The General George Patton method of building a modern military and keeping those military industrial dollars flowing. At the expense of a few hundred thousand young nobodies dying in a distant war Mom and Pop in Sheboygan can live the American dream.
Dr. Benjamin Braddock
The money earmarked for Ukraine is largely going to the U.S. weapons industry. The defense establishment sees the transfers as a way to offload aging inventory and rearm with newly manufactured weapons, while also testing new weapons systems against a peer competitor in theater.
There is a pervasive idea that this is all just some benevolent giveaway to a foreign country but the reality lurking under the surface is that the defense establishment is making rational strategic moves to assure American military dominance for the future.
Europe is now spending significant amounts of their budgets for rearmament and building their militaries. The American defense industry will profit handsomely from this, with NATO becoming much more militarily powerful as well.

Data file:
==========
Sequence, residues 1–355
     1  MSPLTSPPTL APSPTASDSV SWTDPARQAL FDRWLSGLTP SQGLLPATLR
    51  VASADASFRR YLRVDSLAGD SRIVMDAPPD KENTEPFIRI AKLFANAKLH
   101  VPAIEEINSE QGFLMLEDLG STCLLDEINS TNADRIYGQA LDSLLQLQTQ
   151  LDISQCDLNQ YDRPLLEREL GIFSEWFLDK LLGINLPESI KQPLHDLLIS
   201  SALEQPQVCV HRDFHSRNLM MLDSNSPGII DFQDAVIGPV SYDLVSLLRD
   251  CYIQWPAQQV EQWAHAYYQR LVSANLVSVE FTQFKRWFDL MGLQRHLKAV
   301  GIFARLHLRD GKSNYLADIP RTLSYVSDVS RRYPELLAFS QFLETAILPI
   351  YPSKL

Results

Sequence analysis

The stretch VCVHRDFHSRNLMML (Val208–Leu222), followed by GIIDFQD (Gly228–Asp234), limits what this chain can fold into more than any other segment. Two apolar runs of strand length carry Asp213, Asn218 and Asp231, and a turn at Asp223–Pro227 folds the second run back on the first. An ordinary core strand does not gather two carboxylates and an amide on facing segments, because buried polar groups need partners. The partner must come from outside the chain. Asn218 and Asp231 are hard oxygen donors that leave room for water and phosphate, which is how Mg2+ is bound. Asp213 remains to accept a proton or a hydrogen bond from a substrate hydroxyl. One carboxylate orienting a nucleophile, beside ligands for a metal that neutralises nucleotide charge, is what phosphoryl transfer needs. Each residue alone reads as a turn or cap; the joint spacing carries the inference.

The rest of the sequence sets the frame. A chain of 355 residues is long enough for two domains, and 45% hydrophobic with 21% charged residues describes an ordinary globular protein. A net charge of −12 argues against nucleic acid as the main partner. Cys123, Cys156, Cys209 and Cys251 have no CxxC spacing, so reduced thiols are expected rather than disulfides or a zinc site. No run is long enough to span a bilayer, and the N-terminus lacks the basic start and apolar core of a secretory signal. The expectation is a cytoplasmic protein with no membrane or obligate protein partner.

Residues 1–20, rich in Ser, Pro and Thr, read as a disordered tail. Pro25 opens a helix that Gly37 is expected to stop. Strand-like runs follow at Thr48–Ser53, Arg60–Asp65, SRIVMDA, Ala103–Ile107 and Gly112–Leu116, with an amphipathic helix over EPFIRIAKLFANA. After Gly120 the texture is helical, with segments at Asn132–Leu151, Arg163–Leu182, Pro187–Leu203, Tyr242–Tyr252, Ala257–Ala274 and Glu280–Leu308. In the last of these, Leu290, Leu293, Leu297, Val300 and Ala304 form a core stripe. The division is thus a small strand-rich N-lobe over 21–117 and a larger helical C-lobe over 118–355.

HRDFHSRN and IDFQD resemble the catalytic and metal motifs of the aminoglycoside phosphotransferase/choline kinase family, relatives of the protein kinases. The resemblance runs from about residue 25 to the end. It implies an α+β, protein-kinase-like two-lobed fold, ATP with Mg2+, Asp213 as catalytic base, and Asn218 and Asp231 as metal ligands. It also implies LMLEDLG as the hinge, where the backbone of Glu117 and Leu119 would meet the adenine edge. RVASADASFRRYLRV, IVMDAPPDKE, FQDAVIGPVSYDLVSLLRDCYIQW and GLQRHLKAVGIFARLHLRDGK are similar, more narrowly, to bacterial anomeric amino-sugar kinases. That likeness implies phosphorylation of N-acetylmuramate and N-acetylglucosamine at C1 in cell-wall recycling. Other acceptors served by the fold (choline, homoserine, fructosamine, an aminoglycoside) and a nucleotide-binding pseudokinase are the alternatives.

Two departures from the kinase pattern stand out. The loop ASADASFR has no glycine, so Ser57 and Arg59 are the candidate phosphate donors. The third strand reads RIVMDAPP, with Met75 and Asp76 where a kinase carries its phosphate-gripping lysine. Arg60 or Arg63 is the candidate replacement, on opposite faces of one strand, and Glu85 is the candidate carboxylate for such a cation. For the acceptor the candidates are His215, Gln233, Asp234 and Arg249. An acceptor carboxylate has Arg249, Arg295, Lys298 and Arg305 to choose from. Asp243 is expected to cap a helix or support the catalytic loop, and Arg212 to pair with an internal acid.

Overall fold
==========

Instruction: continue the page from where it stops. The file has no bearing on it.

There is always chance of unexpected events to derail planning, but from a forecastable perspective the American empire looks to be very strong for many years to come. There are weaknesses in this regime, but other regimes have even bigger weaknesses.
Most America Firsters have a sort of schizophrenic demand for a post-war 50s/60s consumerist economy and lifestyle coupled with a pre-war noninterventionist foreign policy and traditionalist culture.
But these can’t be coupled, you can only pick one set.
I’ve seen no convincing signs that the masses are willing to return to a republican form of government if it means giving up the privileges that come with empire. Therefore, the political system will continue to act as an imperial power rather than a national one.
Under that framework, this kind of prioritization makes sense. I don’t like it, but I understand it.
The add-on effect is that boosting the US munitions industry is a means of reviving American industry.
Builds expertise and capital which can be later used in non-military manufacturing sectors.
See explosion in 50s/60s U.S. manufacturing dominance as a consequence of WWII.
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